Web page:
“My name is Tomi,” she says as she turns to look at me finally. “I come here every day to stare at the sea and clear my head. It helps me calm my raging spirit.”
This is just freaking great! I jump out like a mad woman on a race to save someone for this? Freaking great, I think to myself.
“Oh,” I mutter as I keep staring at the horizon hoping it would draw closer. “So, you’re not considering suicide?”
“I am, or I do sometimes. Whatever. I come here and look at the sea, wondering if there is a day that I would ever take the leap. The walk calms my pounding head and the sea calms my raging soul. I guess that today isn’t the day,” she smiles ruefully.
“Okay! Are you ready to head back? I can drop you off, only we have to go all the way to make a u-turn,” I say.
“Yeah, I guess so. I work at Sterling Technology, Marina. And thank you." I lead her to my car and I almost get hit by a Taxi. The driver sticks his head out and curses me as he moves forward. I get in, fasten my seatbelt and hear that reassuring click. I start the car, roll up the windows and turn on the AC.
“You didn’t ask me for my story,” she says as I put the car in drive.
“I figured that you would have told me if you wanted too,” I shrug. “It’s fine with me. Besides you don’t really know me.”
She cocks her right eyebrow and says “That didn’t stop you from telling yours.”
“Maybe you needed to hear mine or maybe I needed to say it out loud. I don’t need you to say yours, even though I am curious about it. And, I am currently coming from therapy. If you are not comfortable sharing your story, that’s fine with me,” I say as I keep driving. The traffic has lightened up a lot.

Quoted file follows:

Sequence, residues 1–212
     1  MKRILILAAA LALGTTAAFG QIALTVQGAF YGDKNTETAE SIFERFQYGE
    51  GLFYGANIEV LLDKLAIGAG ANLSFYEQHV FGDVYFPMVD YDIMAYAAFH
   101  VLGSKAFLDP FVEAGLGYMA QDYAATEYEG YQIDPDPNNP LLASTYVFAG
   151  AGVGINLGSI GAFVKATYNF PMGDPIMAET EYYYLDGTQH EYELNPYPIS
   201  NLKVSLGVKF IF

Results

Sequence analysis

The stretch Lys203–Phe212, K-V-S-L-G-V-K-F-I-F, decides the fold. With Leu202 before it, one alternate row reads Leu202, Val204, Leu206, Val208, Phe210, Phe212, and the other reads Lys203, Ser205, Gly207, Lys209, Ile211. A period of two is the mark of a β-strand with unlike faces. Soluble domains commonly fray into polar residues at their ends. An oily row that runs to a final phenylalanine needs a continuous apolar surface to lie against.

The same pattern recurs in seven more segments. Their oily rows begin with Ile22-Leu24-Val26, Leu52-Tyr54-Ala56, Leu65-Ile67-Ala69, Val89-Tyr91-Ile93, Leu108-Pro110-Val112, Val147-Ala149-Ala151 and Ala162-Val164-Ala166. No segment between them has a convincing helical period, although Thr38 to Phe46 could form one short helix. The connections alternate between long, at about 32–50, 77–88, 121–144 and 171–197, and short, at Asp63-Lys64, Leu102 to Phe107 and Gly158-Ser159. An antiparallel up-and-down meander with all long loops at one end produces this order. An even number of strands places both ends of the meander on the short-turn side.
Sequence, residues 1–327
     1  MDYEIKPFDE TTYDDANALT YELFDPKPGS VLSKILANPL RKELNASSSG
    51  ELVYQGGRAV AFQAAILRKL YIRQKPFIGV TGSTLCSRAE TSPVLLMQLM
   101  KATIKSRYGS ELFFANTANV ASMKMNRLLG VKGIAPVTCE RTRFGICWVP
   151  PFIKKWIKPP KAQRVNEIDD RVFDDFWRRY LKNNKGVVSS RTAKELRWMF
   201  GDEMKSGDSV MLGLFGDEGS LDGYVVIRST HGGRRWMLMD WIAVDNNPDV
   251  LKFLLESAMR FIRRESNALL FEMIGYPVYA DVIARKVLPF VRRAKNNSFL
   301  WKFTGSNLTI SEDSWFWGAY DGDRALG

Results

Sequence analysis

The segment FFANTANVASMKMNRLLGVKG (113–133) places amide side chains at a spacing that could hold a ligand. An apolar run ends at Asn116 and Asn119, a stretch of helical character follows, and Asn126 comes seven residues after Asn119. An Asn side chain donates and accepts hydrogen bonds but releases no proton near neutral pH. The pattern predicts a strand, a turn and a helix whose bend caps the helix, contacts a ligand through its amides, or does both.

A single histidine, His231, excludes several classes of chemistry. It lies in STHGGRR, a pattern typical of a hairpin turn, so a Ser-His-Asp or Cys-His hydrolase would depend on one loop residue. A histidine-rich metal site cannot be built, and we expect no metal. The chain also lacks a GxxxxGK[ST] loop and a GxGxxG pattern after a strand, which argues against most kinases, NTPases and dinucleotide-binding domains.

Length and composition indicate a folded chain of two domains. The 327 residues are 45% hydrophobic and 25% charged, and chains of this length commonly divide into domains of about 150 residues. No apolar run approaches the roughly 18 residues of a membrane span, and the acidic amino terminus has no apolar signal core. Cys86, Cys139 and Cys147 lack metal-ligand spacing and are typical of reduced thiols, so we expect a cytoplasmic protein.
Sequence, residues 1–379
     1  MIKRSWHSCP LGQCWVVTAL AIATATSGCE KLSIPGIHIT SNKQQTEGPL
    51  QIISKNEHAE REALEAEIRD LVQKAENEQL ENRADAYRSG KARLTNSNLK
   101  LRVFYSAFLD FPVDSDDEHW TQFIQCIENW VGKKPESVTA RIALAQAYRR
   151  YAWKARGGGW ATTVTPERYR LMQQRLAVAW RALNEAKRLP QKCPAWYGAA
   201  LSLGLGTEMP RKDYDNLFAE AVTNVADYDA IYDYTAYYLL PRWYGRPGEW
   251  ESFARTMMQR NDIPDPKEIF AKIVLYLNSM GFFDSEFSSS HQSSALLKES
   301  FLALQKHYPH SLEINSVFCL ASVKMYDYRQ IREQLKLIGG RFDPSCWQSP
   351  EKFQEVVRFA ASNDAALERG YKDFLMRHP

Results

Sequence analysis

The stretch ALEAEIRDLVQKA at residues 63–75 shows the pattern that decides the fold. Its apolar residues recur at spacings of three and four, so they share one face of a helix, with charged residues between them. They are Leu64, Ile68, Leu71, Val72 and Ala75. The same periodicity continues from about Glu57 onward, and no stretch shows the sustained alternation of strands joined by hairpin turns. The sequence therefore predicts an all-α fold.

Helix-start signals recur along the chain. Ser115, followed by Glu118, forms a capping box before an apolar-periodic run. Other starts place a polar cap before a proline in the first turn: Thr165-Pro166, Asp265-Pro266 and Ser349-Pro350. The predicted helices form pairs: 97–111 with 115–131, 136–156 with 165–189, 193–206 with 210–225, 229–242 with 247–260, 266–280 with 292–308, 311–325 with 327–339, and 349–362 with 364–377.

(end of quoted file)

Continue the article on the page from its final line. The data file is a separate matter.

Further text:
The rest of the ride is in silence. We arrive in front of her office in 20 minutes. She directs me to an empty car slot where I park. She opens the door, unstrapped her seatbelt and climbs out. She hesitates and then sits.
“When I was small, I always knew I was different from the other kids. I was groomed to take over my father’s company. At 10, I was sent to The Westminster School. I couldn’t click with the other girls because I wasn’t girly. But, that was a piece of cake. Two years ago my father died. I took over, only to discover that my father wasn’t the man I thought I knew. My hands have been bloodied over last two years. I call shots, shots that I must though I would rather not and can’t seem to get out of it. Every time, with every decision, I feel like the worst scum. I can’t get out, can’t do nothing about it except smile and tell my mother that everything is fine.” She turns to look at me. I see her doing what I do, her eyeballs wide to prevent the tears from forming.
“This is my life. I don’t accept it but there is nothing I can do about it.” She shrugs and smiles again her lips in a one-sided curl. She makes to go.
“Wait, I have something to give you,” I say as I look in my bag. I pull out Dr. Linda’s card and extend it. “She is great, although annoying. It helps to talk to someone.” I look for a pen and jot down my number. “You can call me when you need to clear your head again. Although, I can’t take the place of a therapist. I have a feeling that you have more things to tell. You need someone better equipped and trained to share your burdens.”She walks off. I drive off. I get home and walk straight to my bathroom. I fill the tub, lose my dress and climb in. Down below, the tiny bubbles tell me a new thing; I am just a tiny bubble in the whole damn water called the world. I think of the time I contemplated suicide and I am glad that I didn’t kill myself. I finally realize that someone in the world has a larger demons that me. More than that, I accept that I am not alone.
( P.S. I tried to tell Chioma’s story as short as possible. But, she says that there is a lot more to tell. So, it seems like this is a series. How long it would take? I have no idea. I would go along with the ride as long as she is willing to tell her tale.)